Shop for Chicago Bears gear at

Mike Martz’s Odds of Success

Now that the Chicago Bears have picked up offensive mastermind Mike Martz, the team’s hopes are running high. However, some are pressing the pause button here on the celebration.

Sure, the Bears’ offense is a few completed passes (to the WR and not DB) away from competing with Green Bay and Minnesota, but we all know that coaches and coordinators can only provide so much scheming to players before the players have to show and prove on the field.

Before completely falling out with the St. Louis Rams, Martz was one of the most respected coaches in the league. Long before putting together The Greatest Show on Turf and appearing in two Super Bowls with a team no one thought would amount to anything minus Trent Green, Martz was but a lowly on-again, off-again positions coach in the NLF and an assistant coach at Arizona State University.

After taking over as quarterbacks coach for the Rams when they were still a Los Angeles team in 1992, Martz eventually landed in Washington coaching the Redskin’ quarterbacks. In 1999, Martz was brought back in as an offensive coordinator and took over the head coaching reins in 2000. 

As luck would have it, just like he hit the $5-million progressive jackpot playing online slots machines, St. Louis’ offensive prowess matched up perfectly in synch with Martz’s brand of spread-the-field ball. He introduced the RB as a 5th option WR and tore defenses apart en route to pure dominance for a few years.

But, like online black jack gambling, he eventually busted out when the talent pool ran dry.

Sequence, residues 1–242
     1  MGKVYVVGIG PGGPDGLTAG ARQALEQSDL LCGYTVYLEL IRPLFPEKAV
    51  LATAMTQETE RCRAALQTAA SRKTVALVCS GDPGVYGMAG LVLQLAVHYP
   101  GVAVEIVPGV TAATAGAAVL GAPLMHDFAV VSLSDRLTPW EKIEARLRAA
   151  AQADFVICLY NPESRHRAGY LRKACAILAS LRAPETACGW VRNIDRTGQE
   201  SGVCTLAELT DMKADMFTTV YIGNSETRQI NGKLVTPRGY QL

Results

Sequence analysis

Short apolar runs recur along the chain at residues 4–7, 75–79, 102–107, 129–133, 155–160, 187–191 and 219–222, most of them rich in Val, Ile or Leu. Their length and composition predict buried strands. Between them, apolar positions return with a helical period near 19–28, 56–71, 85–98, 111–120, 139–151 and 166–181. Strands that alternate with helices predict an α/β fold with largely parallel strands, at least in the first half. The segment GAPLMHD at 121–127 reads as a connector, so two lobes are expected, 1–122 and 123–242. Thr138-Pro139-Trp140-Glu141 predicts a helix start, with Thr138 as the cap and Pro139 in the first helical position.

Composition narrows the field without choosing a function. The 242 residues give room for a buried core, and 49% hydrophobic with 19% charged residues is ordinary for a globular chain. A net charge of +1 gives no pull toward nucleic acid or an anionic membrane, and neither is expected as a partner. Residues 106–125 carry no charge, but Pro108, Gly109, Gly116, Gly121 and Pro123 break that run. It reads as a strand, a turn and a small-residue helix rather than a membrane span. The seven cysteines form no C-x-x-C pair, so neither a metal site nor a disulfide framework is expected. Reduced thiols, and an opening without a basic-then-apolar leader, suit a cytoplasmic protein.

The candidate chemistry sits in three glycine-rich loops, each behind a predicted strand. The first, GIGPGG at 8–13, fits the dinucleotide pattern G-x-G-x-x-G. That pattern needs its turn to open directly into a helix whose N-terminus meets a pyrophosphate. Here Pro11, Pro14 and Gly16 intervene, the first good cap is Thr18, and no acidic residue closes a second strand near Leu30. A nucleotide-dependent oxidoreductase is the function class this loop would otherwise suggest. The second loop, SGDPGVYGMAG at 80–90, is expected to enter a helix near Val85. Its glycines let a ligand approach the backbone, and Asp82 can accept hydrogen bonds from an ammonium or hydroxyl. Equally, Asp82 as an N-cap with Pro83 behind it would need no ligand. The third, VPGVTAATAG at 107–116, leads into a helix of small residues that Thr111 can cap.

See, it’s a dirty little secret in the NFL that a head coach—any coach—is only as good as his players. Management doesn’t want to hear that. Media doesn’t respect that. But it’s the cold, hard truth. Once the talent goes, you can’t win with a B-team. This isn’t a Hollywood movie; this is real life.

Luckily for Martz, the Chicago Bears are not the Detroit Lions. And after helping the San Francisco 49ers open up their offense last year, the Bears now get to play the recipients of Martz’s football philosophy.

The Bears have plenty to work with in terms of talented offensive players. Jay Cutler, Chester Taylor (which also hits the Vikings hard), Devin Aromashodu, Devin Hester, Johnny Knox, and Greg Olsen – they’re not short on solid players.

 The benchmark for judgment here has to be lower due to the NFC North, though. You can’t simply pass or fail Martz on a Bears’ playoff hit or miss alone. You still have the Green Bay Packers and Minnesota Vikings to contend with – two of the NFL’s best, much less the NFC’s.

Instead, you have to look at improvement. Will the Bears’ offense be better this year, more potent and higher-scoring? It looks like it’s a yes in the odds department, with Mike coming in at about 5:3 on turning the offense around.

Conceivably, three teams from the NFC North can make the playoffs, so there’s no reason to think an improved Bears squad wouldn’t make the final grade.

You might find kinder odds if you play online casino roulette than you’d find betting on the Bears to win their division, but they definitely have the talent in place to make the postseason, and the addition of Martz certainly bodes well for their chances.

Enjoyed this post?
Subscribe to Bears Gab via RSS Feed or E-mail and receive daily news updates from us!

Submit to Digg  Stumble This Story  Share on Twitter  Post on Facebook  Post on MySpace  Add to  Bark It Up  Submit to Reddit  Fave on Technorati

Leave a Reply

Write For Us